Cliff Richard may not be in the mood right now to recognise the debt he owes to the British press but in time he may come to realise the magnitude of its restraint. This despite the massive coverage he has received after police raided his home near London.
Detectives spent five hours searching Richard's apartment after claims that he sexually assaulted a boy at a Billy Graham evangelist rally in 1985. The singer says the claims against him are "completely false".
Richard has been under siege for months from the internet with filings linking him to every paedophile scandal or investigation, real or imagined. He has been "net stepped", the cyber equivalent of "door stepping" where reporters stand outside someone's home until the victim is forced to comment.
Door stepping, at its worst, is a form of bullying and harassment but net stepping is much worse. Not only is someone dogging the victim but everyone knows it and is allowed to comment, putting more pressure on him or her to break cover and put out a statement. If they don't say anything they are considered guilty, if they do say something it's open season for the mainstream press.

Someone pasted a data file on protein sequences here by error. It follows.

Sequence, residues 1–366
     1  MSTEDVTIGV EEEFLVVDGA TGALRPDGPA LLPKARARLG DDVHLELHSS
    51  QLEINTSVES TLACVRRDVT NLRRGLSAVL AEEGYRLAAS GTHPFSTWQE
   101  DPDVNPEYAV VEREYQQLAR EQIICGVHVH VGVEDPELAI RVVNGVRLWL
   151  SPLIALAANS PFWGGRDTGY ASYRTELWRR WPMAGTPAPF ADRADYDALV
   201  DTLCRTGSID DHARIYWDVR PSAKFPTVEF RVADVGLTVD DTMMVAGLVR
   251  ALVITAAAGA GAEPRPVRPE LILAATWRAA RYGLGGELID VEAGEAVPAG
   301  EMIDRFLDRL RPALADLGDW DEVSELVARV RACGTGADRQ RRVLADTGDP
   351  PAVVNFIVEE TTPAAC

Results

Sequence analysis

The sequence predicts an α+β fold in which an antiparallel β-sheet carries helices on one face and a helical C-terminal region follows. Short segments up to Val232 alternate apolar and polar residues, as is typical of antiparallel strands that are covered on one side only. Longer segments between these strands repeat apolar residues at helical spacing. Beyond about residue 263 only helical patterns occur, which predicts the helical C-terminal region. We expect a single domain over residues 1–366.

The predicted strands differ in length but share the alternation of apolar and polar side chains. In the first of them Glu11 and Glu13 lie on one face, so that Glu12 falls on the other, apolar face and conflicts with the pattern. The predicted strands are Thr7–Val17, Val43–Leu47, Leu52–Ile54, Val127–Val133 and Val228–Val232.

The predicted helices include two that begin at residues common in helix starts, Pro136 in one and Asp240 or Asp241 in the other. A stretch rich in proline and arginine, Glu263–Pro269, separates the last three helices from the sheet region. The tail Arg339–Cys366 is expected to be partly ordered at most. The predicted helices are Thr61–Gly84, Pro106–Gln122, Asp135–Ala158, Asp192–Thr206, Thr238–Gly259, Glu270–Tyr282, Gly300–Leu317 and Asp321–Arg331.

So, as he sits in his Portugese vineyard home at Quinta do Moinho, Richard should not be too harsh on British newspapers and broadcasters. For despite all the internet rumours and allegations there were no sniggering diary stories or Sunday paper innuendos.
The story only broke when South Yorkshire police searched the singer's home, not because of some internet rumour.
This is where the Cliff Richard story is so totally different to that of Rolf Harris. Harris had been arrested and the press were forced or kowtowed into keeping that fact secret for up to six months. When someone is arrested it should be in the public domain. Secret justice is bad justice.
There will be some people who will argue that Richard, who has not been arrested, is being demonised by the wall-to-wall coverage of the police search and they may have a point, but the reality is that police searched his home. It happened. It is fact. That's what the press does: report facts.
Did it have to come out that the search related to a one-off claim of sexual assault? Yes, otherwise it would have been fuel on the fire of the other internet rumours that are not being investigated by the police. What should have been made more clear is the statement that "police removed some items". They always do – computers and files cannot be checked on the premises. It does not mean they have found something.
There should be no complaints about the coverage surrounding Richard. If the investigation is dropped his life will go on much as before with his sexuality being the source of gratuitous speculation. He can live with that.
However, Richard may not like the jokes. It is said that he already has a criminal record. It is called "Mistletoe and Wine".
Chris Boffey is a former news editor of the Observer, Sunday Telegraph and the Mirror